Go-Go music brings love and life to DC
Learn more about a D.C. music staple
Dubbed the official music of D.C., Go-Go music’s origins span long and wide across the city’s history and continue to grow today, thanks to the Black artists and musicians who created and shaped the genre.
Originating in the 1970s, Go-Go music blossomed in a club called “The Maverick Room” in D.C.’s Edgewood neighborhood. It was there that Chuck Brown — who would later become known as “The Godfather of Go-Go” — and his band The Soul Searchers first began experimenting with what would eventually become Go-Go music.
Taking inspiration from genres such as funk and soul, Go-Go typically features bass and percussion, and a call-and-response component as well. Performers often play nonstop, which makes Go-Go good for dancing. Since the ‘70s, Black artists across the nation have made and continue to make extraordinary contributions to the genre overall — whether in art exhibits, solo acts, or entire bands and groups.
Though Brown and “The Soul Searchers” began their work with Go-Go music in the early ‘70s, it wasn’t until they released the song “Bustin’ Loose” in 1979 that Brown (and the Go-Go genre itself) really took off.
Soon after, artists across the nation were diving into Go-Go music and making their own contributions. Groups like Rare Essence and Junkyard Band began to form in the late ‘70s and early ‘80s, putting their own spin on what would become the official music of D.C. — and the origins of these groups weren’t your typical band formations either.
Junkyard Band began with a group of children playing music on plastic items like buckets and cans. Rare Essence started with elementary school students in Southeast Washington joining together after school to play the (at the time) new music that had recently begun gaining traction.
“One thing is it’s the heartbeat of our city, it’s always been at the forefront of things happening.” Moten said in an interview with The Eagle. “It’s also recently sparked a movement of preserving museum culture, not just in D.C., but in cities throughout the world who are going through the same thing.”
“It’s something that we own, it’s something that we develop, and it’s the only music probably in the world that’s not been colonized. So you know, Washingtonians have something to be proud of and teach our children — this and the people who are not from here, why music is so important.”
Moten also said that music is not only important to Washingtonians but to the Black community.
“Music and the drum and the voice are the first two forms of communication.” Moten said. “And for African Americans, for Black people, it’s always been something that’s kept us alive — whether it’s coming on the slave ship, or in the ‘60s in the movement where music was used to motivate the young people to help end segregation.”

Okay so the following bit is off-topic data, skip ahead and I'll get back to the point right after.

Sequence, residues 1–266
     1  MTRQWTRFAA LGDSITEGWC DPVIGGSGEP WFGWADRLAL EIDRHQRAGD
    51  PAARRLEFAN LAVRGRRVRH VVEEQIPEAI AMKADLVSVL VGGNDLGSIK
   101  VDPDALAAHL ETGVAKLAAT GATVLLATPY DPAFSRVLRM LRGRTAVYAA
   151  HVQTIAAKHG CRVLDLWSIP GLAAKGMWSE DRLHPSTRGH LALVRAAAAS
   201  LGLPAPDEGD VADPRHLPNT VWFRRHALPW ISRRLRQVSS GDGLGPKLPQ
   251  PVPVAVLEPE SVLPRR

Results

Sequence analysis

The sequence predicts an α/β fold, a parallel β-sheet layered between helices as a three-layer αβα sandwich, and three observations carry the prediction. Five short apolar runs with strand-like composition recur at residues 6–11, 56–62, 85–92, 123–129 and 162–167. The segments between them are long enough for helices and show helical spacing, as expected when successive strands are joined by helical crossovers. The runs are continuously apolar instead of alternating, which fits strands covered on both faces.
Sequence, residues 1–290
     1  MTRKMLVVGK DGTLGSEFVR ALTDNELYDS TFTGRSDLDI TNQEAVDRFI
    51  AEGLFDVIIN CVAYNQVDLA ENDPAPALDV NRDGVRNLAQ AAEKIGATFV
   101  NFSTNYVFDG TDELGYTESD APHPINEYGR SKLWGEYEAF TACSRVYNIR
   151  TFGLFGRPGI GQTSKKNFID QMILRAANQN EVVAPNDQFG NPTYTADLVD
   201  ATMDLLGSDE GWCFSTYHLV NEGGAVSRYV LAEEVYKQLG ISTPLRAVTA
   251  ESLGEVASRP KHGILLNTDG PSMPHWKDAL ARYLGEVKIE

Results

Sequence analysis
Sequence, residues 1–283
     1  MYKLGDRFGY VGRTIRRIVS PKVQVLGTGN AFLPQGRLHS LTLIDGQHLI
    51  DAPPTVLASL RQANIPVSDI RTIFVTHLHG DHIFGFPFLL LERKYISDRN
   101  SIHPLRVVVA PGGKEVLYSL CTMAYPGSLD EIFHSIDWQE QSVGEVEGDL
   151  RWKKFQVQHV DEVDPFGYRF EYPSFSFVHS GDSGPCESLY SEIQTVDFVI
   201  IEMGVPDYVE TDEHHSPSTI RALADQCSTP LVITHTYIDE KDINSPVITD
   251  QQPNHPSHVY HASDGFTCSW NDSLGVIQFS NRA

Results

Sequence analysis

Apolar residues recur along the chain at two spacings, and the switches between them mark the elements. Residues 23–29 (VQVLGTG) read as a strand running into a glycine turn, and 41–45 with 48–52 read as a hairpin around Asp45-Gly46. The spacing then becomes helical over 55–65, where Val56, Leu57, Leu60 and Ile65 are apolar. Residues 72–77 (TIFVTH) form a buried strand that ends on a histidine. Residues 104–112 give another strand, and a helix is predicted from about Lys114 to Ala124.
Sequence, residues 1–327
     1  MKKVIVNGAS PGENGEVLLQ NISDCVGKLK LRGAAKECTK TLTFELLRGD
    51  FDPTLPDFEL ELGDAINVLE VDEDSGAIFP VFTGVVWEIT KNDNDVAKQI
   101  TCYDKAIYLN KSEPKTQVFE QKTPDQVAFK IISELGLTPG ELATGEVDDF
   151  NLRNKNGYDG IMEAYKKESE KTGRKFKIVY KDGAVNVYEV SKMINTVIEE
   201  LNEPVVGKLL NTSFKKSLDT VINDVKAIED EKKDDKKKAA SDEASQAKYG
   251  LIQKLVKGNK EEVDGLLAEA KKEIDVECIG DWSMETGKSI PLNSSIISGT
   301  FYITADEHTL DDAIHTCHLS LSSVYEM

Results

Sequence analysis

Today, Go-Go music has continued to influence matters outside of music as well.
When a Metro PCS store in Shaw was forced to turn off the Go-Go songs their vendors were known for in 2019, the action sparked a movement putting Go-Go music in the spotlight.
Following the store’s silencing, the “Don’t Mute D.C.” movement quickly gained traction. Within its first year, the movement’s work led to the “Don’t Mute D.C.” bill (which would later declare Go-Go music the official music of D.C.) and returned Go-Go music to the very store where the protests originated.
Yet, the movement is nowhere close to being done and continues to work today to preserve Go-Go music and Go-Go culture. Moten said the movement has not only returned Go-Go music to the city but continues to help people through policymaking and education as well.
“A lot of policies since ‘Don’t Mute D.C.’ have helped Black people acquire equity through policy, through funding and things like that.” Moten said.
“It started the conversation that led to action. And action is continuing but we just have to keep people activated and educated on why the music culture and conversation is so important — like everything we do with ‘Don’t Mute D.C.’ normally has music and a conversation with education. And that’s what’s so important.”
The preservation of the culture and history behind Go-Go music has not only been a goal for the “Don’t Mute D.C.” movement but has continued to evolve through the Black community of D.C. as well. Today, hundreds of artists, exhibits, murals and more are continuing Go-Go’s legacy, with many of them taking place in the city where it all started.
The Go-Go Archive, for example, was established at the D.C. Public Library in 2012 and currently holds various books, pictures, tweets, records and more that pertain to the legacy of Go-Go music. In 2022, the “Disco to the Go-Go” exhibit by Justin “Yaddiya” Johnson honored the bright emotions Go-Go music brings people. In 2021, a mural by Kaliq Crosby honoring Go-Go’s legacy was unveiled on The Shay — the building across from the Metro PCS store where the “Don’t Mute D.C.” movement first began.
Natalie Hopkinson, an associate professor of communication at American University and co-creator of the “Don’t Mute D.C.’s Go-Go Music and Culture” petition, wrote and published the book “Go-Go Live: The Musical Life and Death of a Chocolate City.” And artists like Black Alley and Bela Dona Band continue to make and put their own spin on Go-Go music today.
Even beyond newer contributions to the genre and its legacy, Go-Go music, for many people, is something greater than music. A culture, a community and a way of being.
“I mean, it’s just, it’s just a part of my soul.” Moten said. “It’s part of my soul, it’s part of my spirit, and it gives me the drive to fight.”
This article was edited by Kylie Bill and Nina Heller. Copy editing done by Isabelle Kravis, Sophia Rocha and Stella Guzik.